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Compare and contrast the theme of beauty of man and nature in "Pied Beauty" by Gerard...

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jessicamartin... | Student, Undergraduate | Salutatorian

Posted May 21, 2012 at 5:19 PM via web

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Compare and contrast the theme of beauty of man and nature in "Pied Beauty" by Gerard Manley Hopkins and sonnet "Composed Upon Westminster Bridge" by William Wordsworth.

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booboosmoosh | High School Teacher | (Level 3) Educator Emeritus

Posted May 23, 2012 at 3:40 AM (Answer #1)

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William Wordsworth was a first-generation Romantic poet. Romantic poetry generally included one or several of approximately seven characteristics—a respect for nature is one of these characteristics. Gerald Manley Hopkins' lovely poem "Pied Beauty" reflects the same theme of the beauty in nature as is found in "Composed Upon Westminster Bridge."

The first example of Wordsworth's praise of nature is found in lines such as:

A sight so touching in its majesty...

In the poet's sight are elements of nature, including...

The beauty of the morning

The city—made by man—the author states—on this morning—is opened up to nature—which is untouched by mankind:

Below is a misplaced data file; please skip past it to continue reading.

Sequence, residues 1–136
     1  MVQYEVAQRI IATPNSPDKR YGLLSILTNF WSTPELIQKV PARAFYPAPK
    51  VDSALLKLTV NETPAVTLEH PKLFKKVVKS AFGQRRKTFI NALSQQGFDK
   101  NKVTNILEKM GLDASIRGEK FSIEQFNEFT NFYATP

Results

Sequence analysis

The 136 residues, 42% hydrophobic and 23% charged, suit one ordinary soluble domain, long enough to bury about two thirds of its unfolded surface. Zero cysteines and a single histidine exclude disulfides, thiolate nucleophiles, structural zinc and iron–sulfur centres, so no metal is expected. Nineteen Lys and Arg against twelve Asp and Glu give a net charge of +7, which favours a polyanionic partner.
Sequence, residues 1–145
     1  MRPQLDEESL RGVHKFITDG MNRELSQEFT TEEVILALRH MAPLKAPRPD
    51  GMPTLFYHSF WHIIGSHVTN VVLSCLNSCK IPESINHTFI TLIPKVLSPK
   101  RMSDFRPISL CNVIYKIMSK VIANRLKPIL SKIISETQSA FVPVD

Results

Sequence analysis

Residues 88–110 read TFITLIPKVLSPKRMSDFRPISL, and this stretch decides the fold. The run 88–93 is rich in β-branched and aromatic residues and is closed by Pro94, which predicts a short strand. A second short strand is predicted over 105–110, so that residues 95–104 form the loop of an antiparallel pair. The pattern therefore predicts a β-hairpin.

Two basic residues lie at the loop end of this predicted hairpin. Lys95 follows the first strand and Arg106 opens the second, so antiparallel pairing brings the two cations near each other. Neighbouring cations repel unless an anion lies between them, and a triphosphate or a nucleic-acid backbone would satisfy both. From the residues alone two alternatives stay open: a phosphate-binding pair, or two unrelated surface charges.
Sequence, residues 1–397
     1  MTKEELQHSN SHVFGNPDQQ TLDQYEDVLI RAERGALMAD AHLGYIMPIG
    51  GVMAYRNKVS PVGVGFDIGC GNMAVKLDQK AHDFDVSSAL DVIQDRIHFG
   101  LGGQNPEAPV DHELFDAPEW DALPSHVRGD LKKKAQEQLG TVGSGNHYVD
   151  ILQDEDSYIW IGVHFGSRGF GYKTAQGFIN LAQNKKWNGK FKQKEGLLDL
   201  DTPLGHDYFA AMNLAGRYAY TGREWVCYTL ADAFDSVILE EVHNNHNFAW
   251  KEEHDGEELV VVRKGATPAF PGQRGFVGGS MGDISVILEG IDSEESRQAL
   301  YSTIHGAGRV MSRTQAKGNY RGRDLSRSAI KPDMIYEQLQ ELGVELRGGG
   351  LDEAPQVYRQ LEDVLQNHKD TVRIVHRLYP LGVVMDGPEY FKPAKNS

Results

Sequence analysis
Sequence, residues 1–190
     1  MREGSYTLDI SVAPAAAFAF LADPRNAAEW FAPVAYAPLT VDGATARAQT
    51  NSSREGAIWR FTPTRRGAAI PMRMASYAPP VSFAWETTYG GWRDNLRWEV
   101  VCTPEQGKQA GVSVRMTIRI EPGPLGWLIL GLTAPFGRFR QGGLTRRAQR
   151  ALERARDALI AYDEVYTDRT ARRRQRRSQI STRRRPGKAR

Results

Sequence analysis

...Open unto the fields, and to the sky...

...glittering in the smokeless air...

...Never did sun more beautifully steep...

....valley, rock, or hill...

...The river glideth at his own sweet will...

Compare, then, the images presented in "Pied Beauty." 

Glory be to God for dappled things—


"Dappled" means:

having spots of a different shade, tone, or color from the background; mottled

The next line continues...

...For skies of couple-colour as a brinded cow

The images here described more things of several colors, such as "couple-colour." "Brinded" means "brindled," defined as...

gray or tawny with darker streaks or spots

The poet continues presenting "pictures" of things in nature that have several colors, including "trout," "chestnut-falls" and "finches' wings." He also mentions "landscape plotted and pieced." 

For both poems, the sense of being drawn or pulled in by images of nature are found in Hopkins' title, "Pied Beauty" and Wordsworth's lines...

Dull would he be of soul who could pass by

A sight so touching in its majesty...

These lines infer that one would have a cold heart or "soul" not to be touched by the scene the poet describes. Use of the word "pied" is defined as...

having patches of two or more colors

However, the association can also be tied to the Pied Piper of Hamelin. In this story, the Pied Piper was a piper...

...dressed in pied (multicolored) clothing, leading the children away from the town...

The children (as the story goes) were drawn to follow the piper—the inference is that they were entranced—drawn by some kind of magic. So whereas "pied" can mean multi-colored, it also alludes to a sense of enchantment, and with regard to nature, this beauty is irresistible.

What is different between these poems is that Wordsworth concentrates on elements in nature that are similar in their beauty: he lists them (e.g., "valley, rock, or hill"). In Hopkins' poem, he focuses on things that are beautiful in their dissimilarity. In other words, it is the contrasting nature of the beauty in nature that he sees that "enchants" him.

All things counter, original, spare, strange;


Whatever is fickle, freckléd (who knows how?)


 

Sources:

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